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  1. #1

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    Bronica E28 Extension Tube - cannot focus

    OK, this is probably me doing something stupid but when I tried to use my recently acquired E28 extension tube today on both my ETR and ETRSi bodies, I couldn't get the lens to focus. I don't have a manual but the seller jotted down some instructions on connecting it to the lens and body, which I followed and appeared to do correctly since all connected up OK. However when I turned the lens to focus nothing changed and everything was out of focus. Now I did try it with my 50mm lens since it was the only one to hand, would it be this (I need to dig out my 75mm lens to test) or is something else not quite right? Any suggestions appreciated.

  2. #2
    Dave Parker's Avatar
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    How close to your subject are you when you are trying to focus?, the purpose of the extension tube is to allow you to be closer to your subject when focusing, you will not be able to focus at infinity with the lens tube attached, focus your lens all the way out, and then move into a subject to find out how close you can focus, an extension tube is for macro work, and not normal focusing.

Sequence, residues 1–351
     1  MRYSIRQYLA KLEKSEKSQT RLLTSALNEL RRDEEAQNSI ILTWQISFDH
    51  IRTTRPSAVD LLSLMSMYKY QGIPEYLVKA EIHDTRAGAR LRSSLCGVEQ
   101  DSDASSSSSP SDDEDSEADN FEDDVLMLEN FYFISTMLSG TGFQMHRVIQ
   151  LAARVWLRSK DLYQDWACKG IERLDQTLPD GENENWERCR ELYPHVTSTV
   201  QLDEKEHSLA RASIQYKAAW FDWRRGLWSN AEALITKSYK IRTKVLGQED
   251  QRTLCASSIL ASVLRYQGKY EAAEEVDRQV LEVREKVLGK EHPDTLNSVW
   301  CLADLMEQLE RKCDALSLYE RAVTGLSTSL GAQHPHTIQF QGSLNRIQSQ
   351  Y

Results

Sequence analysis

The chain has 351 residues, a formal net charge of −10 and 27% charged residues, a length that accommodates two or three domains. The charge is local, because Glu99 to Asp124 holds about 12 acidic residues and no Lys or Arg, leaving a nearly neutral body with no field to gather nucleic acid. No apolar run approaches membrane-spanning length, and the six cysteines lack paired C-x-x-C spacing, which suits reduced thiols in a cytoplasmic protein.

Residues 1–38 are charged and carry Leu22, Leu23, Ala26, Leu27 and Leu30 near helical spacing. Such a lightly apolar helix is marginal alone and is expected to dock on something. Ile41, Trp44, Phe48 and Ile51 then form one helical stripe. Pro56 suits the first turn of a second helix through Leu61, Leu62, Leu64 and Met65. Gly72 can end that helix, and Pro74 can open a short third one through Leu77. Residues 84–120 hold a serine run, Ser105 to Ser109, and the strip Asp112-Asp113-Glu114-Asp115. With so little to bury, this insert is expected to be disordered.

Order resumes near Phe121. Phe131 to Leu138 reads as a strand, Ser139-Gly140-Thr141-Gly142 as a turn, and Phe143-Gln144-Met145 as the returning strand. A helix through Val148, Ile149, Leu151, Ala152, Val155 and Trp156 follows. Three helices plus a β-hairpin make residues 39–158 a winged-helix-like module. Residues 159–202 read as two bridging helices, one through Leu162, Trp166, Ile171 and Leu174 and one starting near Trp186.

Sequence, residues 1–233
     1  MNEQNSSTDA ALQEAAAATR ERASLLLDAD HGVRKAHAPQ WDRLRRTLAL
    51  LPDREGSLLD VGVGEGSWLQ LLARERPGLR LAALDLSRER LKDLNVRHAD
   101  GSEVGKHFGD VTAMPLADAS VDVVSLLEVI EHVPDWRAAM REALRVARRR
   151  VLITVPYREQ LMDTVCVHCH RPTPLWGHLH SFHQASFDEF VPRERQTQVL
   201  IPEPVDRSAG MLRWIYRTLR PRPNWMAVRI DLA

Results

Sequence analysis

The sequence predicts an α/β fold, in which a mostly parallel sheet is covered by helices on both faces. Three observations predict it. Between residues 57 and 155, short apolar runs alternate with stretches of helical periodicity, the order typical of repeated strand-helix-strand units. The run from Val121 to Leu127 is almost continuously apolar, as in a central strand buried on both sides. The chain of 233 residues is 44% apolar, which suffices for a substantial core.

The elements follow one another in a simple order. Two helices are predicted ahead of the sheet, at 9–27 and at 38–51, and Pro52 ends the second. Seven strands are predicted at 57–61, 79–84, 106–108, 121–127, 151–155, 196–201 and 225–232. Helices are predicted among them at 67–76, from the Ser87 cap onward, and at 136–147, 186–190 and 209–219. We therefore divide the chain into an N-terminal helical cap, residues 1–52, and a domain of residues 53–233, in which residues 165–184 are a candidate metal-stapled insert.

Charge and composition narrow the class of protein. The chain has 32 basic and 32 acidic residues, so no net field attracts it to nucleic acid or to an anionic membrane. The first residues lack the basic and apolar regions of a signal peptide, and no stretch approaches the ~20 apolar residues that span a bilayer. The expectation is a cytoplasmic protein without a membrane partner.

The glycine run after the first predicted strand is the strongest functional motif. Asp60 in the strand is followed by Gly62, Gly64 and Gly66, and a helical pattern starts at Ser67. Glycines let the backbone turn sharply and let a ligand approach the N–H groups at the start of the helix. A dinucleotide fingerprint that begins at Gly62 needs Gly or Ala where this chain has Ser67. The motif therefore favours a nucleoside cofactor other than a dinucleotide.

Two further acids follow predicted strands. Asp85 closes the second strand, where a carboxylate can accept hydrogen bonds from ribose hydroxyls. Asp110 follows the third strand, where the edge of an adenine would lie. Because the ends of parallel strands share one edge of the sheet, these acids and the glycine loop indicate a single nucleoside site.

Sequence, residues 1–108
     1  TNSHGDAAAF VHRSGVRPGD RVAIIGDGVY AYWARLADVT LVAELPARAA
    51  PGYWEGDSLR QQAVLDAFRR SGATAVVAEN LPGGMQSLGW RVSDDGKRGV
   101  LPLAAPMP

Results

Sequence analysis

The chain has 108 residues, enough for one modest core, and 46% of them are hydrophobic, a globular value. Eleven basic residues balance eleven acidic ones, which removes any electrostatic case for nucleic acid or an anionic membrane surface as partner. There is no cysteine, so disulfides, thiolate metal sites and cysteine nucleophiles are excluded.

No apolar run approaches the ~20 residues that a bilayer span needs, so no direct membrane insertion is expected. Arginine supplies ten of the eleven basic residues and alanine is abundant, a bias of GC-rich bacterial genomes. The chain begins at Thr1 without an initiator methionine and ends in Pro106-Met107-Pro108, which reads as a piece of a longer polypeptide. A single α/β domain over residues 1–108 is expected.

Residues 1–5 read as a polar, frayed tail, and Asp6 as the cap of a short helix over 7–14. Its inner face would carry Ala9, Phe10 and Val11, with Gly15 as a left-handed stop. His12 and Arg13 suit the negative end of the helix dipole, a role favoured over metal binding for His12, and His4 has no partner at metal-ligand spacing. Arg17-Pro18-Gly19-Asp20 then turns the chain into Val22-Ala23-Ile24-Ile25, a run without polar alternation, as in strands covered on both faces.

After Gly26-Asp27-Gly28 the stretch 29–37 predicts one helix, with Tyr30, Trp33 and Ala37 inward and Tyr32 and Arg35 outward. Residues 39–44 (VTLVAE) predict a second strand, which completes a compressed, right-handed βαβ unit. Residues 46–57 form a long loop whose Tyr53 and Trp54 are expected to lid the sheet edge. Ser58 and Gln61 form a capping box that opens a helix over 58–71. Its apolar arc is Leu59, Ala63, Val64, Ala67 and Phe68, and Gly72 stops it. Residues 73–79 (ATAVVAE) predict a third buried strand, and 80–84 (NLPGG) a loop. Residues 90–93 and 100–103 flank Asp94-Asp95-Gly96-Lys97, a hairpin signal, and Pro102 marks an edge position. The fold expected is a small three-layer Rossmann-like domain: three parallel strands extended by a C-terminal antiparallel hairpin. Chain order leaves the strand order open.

Dave

  3. #3

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    How close were you focussing? The 28 adds how much extension? 28mm would be too simple I bet 28mm added to 50mm is pretty close focussing.

  4. #4

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    Quote Originally Posted by smudwhisk